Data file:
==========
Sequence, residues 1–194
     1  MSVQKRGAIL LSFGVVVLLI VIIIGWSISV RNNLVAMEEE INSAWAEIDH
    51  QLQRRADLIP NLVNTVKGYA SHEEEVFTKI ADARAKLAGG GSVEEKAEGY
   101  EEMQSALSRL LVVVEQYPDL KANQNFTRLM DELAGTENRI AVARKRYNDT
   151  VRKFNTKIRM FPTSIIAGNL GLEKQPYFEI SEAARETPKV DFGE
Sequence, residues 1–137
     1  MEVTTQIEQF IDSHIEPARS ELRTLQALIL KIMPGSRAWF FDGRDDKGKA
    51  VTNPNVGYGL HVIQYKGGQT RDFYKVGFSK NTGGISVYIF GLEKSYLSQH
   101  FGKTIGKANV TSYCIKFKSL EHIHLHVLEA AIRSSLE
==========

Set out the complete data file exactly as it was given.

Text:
Sequence, residues 1–194
     1  MSVQKRGAIL LSFGVVVLLI VIIIGWSISV RNNLVAMEEE INSAWAEIDH
    51  QLQRRADLIP NLVNTVKGYA SHEEEVFTKI ADARAKLAGG GSVEEKAEGY
   101  EEMQSALSRL LVVVEQYPDL KANQNFTRLM DELAGTENRI AVARKRYNDT
   151  VRKFNTKIRM FPTSIIAGNL GLEKQPYFEI SEAARETPKV DFGE
Sequence, residues 1–137
     1  MEVTTQIEQF IDSHIEPARS ELRTLQALIL KIMPGSRAWF FDGRDDKGKA
    51  VTNPNVGYGL HVIQYKGGQT RDFYKVGFSK NTGGISVYIF GLEKSYLSQH
   101  FGKTIGKANV TSYCIKFKSL EHIHLHVLEA AIRSSLE